County offices remain open on limited basis
Any changes in the way Putnam County government offices do business in the face of COVID-19 are going to come in increments.
With Gov. Eric Holcomb announcing his “Back on Track Indiana” plan on Friday, the Putnam County Commissioners had their first chance to react on Monday morning.
County officials are choosing to take it slowly, extending the current plan (in place since March 24) by another two weeks, up to and including May 18.
Key points of the current plan include:
1) All county offices should be staffed with the appropriate number of personnel to manage essential office functions. This shall be determined by the elected official or department head, but at least one person shall be in office from 8 a.m.-4 p.m., Monday through Friday.
2) Courthouse access will remain the same: 11 a.m.-2 p.m. on Fridays or by appointment, in advance, from 8 a.m.-4 p.m. weekdays.
3) The County Commissioners strongly encourage the use of masks while out in public and at the Courthouse as well as the continued practice of social distancing.
4) The monthly meetings of the County BZA (7 p.m. May 11) and Plan Commission (6:30 p.m. May 14) will occur as scheduled. Details about remote attendance will be determined later.
The Indiana Supreme Court had already determined that May 18 would be when courts are to start ramping back up, so that is likely to mean an increase in foot traffic at the courthouse.
County Attorney Jim Ensley advised, however, this will not mean a return to what was going on before March 24.
“Even after the 18th, it won’t just be the floodgates are open,” Ensley said.
Even as restrictions begin to lift, courthouse access will remain through just the east door so that courthouse security officers may continue screening guests.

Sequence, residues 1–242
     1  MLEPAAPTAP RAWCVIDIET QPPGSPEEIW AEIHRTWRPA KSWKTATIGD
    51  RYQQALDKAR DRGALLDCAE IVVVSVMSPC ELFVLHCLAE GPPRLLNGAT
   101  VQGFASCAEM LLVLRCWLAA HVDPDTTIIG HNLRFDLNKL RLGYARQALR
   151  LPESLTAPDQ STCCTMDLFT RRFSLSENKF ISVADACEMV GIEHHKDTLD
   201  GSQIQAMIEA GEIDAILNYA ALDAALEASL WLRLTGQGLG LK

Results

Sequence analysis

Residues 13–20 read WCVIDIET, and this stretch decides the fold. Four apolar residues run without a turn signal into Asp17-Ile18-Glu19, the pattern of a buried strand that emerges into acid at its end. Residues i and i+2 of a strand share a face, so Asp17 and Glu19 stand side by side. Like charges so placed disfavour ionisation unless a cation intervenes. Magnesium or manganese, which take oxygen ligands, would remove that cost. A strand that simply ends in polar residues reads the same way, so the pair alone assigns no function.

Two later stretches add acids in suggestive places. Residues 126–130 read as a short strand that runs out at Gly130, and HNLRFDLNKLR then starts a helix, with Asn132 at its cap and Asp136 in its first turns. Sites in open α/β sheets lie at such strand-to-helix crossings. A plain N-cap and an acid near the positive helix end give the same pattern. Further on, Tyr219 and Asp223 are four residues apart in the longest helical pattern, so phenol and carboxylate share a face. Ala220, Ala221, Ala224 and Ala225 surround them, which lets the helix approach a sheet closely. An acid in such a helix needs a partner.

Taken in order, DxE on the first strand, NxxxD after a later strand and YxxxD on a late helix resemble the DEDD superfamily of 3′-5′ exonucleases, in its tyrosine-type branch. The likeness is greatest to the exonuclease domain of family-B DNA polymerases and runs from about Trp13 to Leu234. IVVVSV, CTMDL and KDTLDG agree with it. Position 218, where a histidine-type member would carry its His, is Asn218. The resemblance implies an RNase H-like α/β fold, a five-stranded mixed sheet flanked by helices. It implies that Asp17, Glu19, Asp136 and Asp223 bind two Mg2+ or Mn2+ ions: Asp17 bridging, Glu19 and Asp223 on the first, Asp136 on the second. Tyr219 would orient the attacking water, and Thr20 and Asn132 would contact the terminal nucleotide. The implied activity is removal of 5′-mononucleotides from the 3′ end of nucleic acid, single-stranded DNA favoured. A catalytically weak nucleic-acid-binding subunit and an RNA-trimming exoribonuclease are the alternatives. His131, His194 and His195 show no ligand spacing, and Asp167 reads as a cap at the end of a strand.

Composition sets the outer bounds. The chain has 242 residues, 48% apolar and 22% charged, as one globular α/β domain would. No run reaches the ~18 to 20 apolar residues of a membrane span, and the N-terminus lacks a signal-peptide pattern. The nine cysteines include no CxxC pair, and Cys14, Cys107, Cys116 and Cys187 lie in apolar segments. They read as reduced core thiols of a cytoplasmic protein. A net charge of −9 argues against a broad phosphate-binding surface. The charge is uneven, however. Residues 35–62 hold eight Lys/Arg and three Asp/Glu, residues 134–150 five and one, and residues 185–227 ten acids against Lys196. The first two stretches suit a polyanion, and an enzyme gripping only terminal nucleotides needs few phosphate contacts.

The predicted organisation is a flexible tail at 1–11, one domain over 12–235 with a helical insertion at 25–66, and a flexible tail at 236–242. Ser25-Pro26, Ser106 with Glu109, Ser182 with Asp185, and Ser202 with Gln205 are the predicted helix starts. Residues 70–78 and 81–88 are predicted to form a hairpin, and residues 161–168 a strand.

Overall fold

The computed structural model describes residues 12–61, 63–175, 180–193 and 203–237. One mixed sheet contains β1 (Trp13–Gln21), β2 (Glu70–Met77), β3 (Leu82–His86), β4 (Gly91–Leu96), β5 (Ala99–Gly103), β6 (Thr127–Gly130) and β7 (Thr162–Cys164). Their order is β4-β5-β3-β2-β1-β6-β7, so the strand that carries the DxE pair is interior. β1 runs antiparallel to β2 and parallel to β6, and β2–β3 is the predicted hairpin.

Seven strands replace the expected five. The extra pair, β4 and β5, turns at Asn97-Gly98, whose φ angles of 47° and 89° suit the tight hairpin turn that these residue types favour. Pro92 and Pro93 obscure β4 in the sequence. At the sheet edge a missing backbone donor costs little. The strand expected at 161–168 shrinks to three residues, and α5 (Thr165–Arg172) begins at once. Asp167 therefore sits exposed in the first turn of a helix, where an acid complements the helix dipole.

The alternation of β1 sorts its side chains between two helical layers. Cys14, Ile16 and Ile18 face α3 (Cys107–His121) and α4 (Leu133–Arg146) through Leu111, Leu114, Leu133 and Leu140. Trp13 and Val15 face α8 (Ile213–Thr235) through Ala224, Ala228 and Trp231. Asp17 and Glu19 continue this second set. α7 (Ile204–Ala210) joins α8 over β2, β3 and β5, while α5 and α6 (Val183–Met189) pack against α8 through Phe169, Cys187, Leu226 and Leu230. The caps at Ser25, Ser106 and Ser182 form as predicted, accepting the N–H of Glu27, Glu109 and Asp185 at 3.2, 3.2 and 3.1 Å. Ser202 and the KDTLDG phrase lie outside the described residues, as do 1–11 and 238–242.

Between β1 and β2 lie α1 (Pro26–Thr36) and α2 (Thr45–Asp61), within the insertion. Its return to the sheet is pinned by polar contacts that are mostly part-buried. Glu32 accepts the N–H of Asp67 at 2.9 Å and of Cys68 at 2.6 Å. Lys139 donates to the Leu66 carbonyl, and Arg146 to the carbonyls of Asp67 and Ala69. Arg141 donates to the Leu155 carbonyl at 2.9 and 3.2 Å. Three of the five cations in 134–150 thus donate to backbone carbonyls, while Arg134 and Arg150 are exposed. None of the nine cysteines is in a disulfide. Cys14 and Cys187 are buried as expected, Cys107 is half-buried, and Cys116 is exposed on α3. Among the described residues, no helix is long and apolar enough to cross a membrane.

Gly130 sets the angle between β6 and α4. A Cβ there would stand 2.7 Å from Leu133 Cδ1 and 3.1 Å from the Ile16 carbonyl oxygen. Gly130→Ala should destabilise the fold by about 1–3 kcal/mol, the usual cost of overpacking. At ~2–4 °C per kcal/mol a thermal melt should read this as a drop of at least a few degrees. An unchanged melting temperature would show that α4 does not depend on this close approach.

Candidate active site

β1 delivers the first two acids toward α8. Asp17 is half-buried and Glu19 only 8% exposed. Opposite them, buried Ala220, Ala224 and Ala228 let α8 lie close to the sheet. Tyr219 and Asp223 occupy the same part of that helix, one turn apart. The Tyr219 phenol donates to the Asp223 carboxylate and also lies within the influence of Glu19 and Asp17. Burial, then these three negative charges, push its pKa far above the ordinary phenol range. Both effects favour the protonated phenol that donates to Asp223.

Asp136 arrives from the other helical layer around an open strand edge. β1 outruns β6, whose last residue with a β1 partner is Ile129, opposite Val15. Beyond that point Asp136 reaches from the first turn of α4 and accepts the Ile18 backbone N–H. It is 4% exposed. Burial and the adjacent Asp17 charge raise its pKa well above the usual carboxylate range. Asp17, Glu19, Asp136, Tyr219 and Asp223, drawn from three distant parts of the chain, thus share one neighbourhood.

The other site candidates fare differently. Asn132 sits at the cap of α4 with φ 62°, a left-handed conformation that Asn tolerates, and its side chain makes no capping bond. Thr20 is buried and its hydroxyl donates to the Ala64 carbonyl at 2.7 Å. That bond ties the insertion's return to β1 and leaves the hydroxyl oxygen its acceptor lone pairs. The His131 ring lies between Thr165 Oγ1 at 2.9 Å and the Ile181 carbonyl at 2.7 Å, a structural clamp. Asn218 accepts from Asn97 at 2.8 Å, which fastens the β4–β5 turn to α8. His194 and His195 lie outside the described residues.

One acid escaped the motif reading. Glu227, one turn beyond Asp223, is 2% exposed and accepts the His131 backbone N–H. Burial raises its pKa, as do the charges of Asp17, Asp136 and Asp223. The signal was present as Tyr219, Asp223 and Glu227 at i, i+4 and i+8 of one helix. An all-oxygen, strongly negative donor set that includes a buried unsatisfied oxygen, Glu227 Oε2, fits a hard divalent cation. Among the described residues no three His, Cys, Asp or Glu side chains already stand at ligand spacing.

“A lot of the county employees seem to like it as it is,” Officer Jerry Campbell reported.
There was discussion Monday of continuing security measures such as limited access even after the pandemic is over, but no decision was made. The subject of increased courthouse security has been a discussion for several years.
The decision to give department heads more discretion in bringing back more employees sprang from discussion with Auditor Lorie Hallett, Assessor Janet Brown and County Planner Don Hatfield, all of whom said it would be beneficial to have a bit more staff to keep up with demands coming in.
Brown emphasized that she would feel comfortable with half staffing levels so that only half of her people are there at once. This would be beneficial if someone on the staff were to contract COVID-19, so the entire staff would not have to quarantine.
“I think with half staff, we can keep up with the major stuff,” Hallett added later.
Hatfield, whose department has just three people, would like to get back to something resembling normal. He said demands for building permits are high.
However, he also liked the idea of meeting people on an appointment basis, as there is no way to pre-screen people at the Building and Planning Department’s small office.
After discussion, the commissioners and department heads seemed to be thinking similar plans.
“I’m a fan of starting to bring some people back, maybe not full crews but more than we have been,” Commissioner Rick Woodall said. “I’m a fan of doing it two weeks at a time.”
One other decision on the not-too-distant horizon is how to facilitate early voting at the Courthouse, with the Clerk’s Office having already announced that it will be available on the second floor beginning on Tuesday, May 26.
A further plan on how to deal with early voting and the possibility of continued social distancing will be discussed.